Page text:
Turn three sees an effective Prussian bombardment followed by an ineffective Austrian one. Wedel in the center moves up and rallies wavering troops as does the newly-awakened Frederick, who rallies Ziethen’s two routed units. Ziethen continues the assault on the southern flank but only after using the "Disengage" option to pull a badly disrupted unit off the line. No unit on either side routs despite charges and automatic counter charges. The Prussian right begins to lap around the Austrian’ position. Infantry comes up to support.

A color-coded arc shows a battery’s range and effectiveness. Austrian infantry rebuffs a cavalry charge with musketry. The small yellow crossed swords indicate targets.

Many Austrians activate and some inflict casualties with second fire. An Austrian cavalry charge in the south routs another one of Ziethen’s units. As units rout, commanders’ ratings drop so Ziethen might be in rating trouble.

By turn four, the course of the battle seems clear. The Austrians clearly plan to hold the objective hexes while the Prussians must quickly rout their enemies in the south. Victory is a function of morale and objective points. The Prussians must use their lower withdrawal level to cause Austrian positions to fall. Given apparent Austrian aggressiveness, this battle will take all seventeen bloody turns to decide.

Toujours l’audace!

Prussia’s Glory game play need never be repetitive. The initiative, activation, disruption, and morale rolls insure a scenario will never be the same twice. A real challenge is playing as Austrian or Russian commanders. LAN, PBEM and TCP/IP open up the world of head-to-head play. A powerful, full-feature scenario builder allows creation of any scenario players can imagine. Hopefully, somebody will create the one great battle the series has missed, Rossbach.

An occasional frightening bug exists. During the AI turn, unit figures disappear even though their movement can be heard. Players should use the "Quick Save" function liberally. Another irritating design flaw is that deferred commanders don’t receive the usual "Activate?" message if their turn comes up later. Players must instead click on any commander with a blue hex. Flickers in the action panel during phase interstices are annoying but not game stoppers.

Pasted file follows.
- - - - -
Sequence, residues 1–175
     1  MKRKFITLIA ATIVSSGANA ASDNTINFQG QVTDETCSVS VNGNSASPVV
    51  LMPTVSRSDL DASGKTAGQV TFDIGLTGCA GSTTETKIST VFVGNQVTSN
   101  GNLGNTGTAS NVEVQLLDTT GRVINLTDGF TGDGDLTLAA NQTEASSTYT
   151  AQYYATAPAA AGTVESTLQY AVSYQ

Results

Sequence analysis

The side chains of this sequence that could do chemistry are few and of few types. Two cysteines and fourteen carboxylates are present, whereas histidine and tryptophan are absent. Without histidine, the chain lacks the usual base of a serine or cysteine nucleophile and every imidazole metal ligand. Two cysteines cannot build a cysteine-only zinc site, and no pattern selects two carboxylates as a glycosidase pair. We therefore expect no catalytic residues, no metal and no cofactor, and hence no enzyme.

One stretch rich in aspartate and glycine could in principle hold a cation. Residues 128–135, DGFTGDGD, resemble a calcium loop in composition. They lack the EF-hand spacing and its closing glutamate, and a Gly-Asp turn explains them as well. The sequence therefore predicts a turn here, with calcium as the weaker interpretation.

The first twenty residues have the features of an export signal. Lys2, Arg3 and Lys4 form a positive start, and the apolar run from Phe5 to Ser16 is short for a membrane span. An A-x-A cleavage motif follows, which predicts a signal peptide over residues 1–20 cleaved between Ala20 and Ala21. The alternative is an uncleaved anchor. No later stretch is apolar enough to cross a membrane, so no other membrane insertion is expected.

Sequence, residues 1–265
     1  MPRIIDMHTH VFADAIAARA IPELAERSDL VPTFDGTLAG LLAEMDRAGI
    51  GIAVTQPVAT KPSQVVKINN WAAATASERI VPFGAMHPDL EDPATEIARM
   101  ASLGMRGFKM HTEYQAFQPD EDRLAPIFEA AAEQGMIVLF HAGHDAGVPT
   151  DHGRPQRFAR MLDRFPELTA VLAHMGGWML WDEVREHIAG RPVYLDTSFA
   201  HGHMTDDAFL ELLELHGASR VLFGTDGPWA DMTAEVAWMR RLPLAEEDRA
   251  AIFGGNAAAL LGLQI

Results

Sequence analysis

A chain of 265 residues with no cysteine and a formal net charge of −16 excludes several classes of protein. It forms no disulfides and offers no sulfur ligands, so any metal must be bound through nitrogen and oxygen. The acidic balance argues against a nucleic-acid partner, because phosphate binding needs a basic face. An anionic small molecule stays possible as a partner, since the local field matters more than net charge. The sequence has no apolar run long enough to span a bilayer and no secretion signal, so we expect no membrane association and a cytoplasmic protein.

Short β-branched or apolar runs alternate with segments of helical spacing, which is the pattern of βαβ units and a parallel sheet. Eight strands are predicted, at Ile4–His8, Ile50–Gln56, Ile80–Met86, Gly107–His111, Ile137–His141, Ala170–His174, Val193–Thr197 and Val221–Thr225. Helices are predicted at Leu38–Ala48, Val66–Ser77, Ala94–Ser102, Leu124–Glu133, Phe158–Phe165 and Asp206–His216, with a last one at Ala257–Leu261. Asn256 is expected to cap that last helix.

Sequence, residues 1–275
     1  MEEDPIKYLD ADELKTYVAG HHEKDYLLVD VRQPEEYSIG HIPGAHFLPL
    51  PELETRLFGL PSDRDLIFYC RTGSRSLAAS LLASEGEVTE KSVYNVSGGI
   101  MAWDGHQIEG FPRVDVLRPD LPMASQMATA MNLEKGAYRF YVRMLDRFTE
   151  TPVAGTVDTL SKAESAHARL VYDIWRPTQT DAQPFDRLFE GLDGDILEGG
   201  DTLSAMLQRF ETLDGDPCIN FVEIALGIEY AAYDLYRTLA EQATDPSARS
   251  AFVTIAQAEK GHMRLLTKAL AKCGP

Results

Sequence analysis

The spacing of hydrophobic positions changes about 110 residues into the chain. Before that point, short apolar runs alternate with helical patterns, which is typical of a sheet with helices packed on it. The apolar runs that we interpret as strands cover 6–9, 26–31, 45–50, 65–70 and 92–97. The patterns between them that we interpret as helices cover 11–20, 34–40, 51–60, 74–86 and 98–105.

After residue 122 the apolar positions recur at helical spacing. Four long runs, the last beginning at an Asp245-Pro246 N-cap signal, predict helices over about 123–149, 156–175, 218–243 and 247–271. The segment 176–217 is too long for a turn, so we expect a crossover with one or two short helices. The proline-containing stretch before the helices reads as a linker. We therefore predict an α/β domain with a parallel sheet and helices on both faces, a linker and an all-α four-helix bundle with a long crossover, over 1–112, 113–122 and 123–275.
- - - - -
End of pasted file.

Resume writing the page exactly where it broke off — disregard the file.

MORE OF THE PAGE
Some reviewers and players may disparage Prussia’s Glory’s graphics or interface. Frankly, these people just don’t understand the point. This system, when patched, remains the only one that accurately portrays the pace and factors of 18th-century European warfare. The emphasis on disruption, morale, and command is not only correct but is handled beautifully for the serious gamer. We can only hope that the basic system is expanded to other eras. Such a gem is too valuable to let lie.

Armchair General’s Rating: 84%

55/60 — Gameplay
14/20 — Graphics
05/10 — Sound
10/10 — Documentation and Technical

Prussia’s Glory at Shrapnel Games

Discuss Prussia’s Glory on the Armchair General forums.

Author Information

Jim Cobb has a PhD in History, having studied at the Universities of Missouri, Wisconsin and Marburg, Germany. He is a member of the adjunct faculty at Cardinal Stritch University Madison, WI. Jim has been playing wargames seriously since 1968 and has been writing about them incessantly since 1993.

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1 Comment

  1. What is this the one about the Prussian army is this old or fairly new?